If you’ve got any unspent Comet gift vouchers, you should spend them as soon as possible as the high street electrical retailer is to go into administration next week.
UPDATE 05/11/12: Comet’s administrators have suspended the use of gift vouchers at stores, although they are said to be reviewing their position on this.
UPDATE 07/11/12: Comet’s administrators have lifted the ‘temporary suspension’ of gift vouchers that had been bought by members of the public. However, it maintains the suspension of gift cards issued on behalf of corporate customers. The administrators add that they intend to fulfil orders when the item is in stock and that if the item is out of stock and paid for by credit card customers may be eligible for a refund from their credit card provider.
Comet is the latest high street casualty of the economic downturn and the appointed administrator Deloitte has said it will run the business as a ‘going concern’ while it considers its options for the 240 stores.
If you are concerned about your orders or purchases, see our guide on what to do when a shop goes bust, or you can call Comet’s customer service centre on 0844 8009595.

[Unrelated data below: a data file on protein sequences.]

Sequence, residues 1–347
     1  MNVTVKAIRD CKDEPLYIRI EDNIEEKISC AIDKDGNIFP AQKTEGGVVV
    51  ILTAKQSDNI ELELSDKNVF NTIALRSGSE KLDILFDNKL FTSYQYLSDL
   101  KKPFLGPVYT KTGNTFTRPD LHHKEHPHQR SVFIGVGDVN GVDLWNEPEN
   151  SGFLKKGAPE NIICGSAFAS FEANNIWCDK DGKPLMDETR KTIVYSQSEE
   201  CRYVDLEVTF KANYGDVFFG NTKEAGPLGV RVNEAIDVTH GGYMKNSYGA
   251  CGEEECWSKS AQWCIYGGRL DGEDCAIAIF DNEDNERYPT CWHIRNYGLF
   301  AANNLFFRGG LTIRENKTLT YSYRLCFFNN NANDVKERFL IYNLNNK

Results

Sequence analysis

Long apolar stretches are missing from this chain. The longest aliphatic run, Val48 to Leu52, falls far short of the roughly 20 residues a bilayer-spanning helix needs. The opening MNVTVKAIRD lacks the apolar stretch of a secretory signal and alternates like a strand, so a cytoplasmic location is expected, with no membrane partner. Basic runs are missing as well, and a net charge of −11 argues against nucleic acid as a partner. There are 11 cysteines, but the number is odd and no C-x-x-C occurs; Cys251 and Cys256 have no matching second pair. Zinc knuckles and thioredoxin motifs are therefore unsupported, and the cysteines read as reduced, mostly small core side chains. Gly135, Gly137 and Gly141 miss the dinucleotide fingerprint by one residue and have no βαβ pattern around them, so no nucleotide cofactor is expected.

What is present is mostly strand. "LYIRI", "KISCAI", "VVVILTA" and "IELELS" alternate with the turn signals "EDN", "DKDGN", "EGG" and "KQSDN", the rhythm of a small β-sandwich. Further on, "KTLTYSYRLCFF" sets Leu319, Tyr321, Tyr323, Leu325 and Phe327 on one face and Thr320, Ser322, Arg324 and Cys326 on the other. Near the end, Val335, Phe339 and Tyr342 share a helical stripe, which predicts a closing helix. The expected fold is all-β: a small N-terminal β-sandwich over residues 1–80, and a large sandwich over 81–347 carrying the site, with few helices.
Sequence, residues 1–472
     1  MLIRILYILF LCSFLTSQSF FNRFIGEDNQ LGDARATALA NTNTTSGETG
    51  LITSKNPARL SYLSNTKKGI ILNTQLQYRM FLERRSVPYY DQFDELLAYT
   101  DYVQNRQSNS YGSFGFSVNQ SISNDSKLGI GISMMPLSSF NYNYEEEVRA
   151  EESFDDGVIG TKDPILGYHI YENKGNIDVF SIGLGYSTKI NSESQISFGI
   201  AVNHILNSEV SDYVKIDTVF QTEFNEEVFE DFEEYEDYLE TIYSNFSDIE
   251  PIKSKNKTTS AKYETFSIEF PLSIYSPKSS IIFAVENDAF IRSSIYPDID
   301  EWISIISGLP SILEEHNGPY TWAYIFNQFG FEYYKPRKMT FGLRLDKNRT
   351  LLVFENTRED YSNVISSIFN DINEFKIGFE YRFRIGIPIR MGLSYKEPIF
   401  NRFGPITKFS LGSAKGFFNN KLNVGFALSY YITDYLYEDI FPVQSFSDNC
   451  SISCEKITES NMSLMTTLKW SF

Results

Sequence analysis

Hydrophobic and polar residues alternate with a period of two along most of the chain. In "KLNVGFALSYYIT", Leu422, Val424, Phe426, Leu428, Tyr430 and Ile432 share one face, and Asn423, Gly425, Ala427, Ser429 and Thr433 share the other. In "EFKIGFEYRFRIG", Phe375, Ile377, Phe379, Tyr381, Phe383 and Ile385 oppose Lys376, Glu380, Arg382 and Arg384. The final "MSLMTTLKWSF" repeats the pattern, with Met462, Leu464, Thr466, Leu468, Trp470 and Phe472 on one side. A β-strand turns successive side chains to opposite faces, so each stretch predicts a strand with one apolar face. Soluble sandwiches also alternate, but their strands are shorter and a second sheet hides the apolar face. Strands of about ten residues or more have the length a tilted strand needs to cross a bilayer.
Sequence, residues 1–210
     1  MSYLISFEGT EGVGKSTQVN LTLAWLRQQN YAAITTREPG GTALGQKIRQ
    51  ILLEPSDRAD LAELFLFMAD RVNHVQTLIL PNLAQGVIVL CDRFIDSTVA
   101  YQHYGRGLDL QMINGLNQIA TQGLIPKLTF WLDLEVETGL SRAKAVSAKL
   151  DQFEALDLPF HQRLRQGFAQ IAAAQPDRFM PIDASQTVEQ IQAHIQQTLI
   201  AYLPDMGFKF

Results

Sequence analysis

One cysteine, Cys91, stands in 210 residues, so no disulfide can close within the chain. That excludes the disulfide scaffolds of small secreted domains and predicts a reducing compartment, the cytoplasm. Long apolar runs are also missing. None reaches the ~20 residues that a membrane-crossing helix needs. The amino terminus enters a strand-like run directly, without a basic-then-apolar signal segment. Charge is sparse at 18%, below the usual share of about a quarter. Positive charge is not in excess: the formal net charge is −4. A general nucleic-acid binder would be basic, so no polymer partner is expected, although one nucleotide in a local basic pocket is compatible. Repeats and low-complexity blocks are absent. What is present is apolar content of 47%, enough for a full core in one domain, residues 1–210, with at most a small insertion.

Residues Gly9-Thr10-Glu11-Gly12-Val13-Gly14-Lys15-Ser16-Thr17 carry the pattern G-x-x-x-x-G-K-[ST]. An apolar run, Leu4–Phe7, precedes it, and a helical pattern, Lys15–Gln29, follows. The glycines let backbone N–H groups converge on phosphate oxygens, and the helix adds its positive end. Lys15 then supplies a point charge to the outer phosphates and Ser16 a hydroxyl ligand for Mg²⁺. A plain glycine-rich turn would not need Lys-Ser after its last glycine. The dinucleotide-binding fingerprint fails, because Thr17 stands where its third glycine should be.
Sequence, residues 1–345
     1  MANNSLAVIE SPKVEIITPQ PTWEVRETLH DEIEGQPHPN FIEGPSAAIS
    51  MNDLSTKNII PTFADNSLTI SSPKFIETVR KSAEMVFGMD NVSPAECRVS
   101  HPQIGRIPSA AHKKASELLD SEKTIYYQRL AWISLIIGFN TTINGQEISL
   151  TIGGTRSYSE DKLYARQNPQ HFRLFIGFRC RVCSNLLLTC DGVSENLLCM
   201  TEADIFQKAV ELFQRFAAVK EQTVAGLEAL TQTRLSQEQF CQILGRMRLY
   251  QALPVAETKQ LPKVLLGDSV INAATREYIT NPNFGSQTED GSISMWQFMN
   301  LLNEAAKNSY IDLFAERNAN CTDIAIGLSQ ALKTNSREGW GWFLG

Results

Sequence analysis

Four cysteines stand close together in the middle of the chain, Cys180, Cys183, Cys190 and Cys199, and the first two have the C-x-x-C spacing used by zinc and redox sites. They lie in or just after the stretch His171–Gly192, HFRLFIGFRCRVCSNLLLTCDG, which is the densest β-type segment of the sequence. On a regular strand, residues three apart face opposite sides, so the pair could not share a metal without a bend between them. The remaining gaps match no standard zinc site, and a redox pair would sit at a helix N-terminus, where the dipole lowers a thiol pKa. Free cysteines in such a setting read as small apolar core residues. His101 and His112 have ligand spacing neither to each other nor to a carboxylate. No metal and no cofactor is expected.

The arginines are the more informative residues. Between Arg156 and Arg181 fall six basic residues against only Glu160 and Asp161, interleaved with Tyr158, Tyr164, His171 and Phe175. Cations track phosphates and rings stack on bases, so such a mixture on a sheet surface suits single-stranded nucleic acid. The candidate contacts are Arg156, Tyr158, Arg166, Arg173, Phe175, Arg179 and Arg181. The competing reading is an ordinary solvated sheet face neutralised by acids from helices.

Act before Comet goes into administration
You should spend your vouchers now as stock levels are likely to fall at Comet as other shoppers rush to use their vouchers. In addition, once administrators are appointed next week they can choose whether or not to continue to accept gift cards and vouchers, according to the Office of Fair Trading (OFT).
Other companies that have gone into administration have refused to accept gift cards and vouchers.
Goods sold before the appointment of the administrators cannot be refunded or exchanged, although you may have an unsecured claim against the company if the goods are defective. Defective goods sold after the appointment of administrators may be exchanged provided they are returned within 14 days of sale, with the original receipt.
High street retailers going bust
Comet’s owners, private equity firm OpCapita, bought the 79-year-old firm last year for £2 in the hope of being able to turn around its fortunes, but with other electrical retailers also feeling the pinch it faced an uphill battle.
Other retailers that have left the high street include America’s Best Buy, which closed its 11 stores at the start of this year, and video game retailer Game.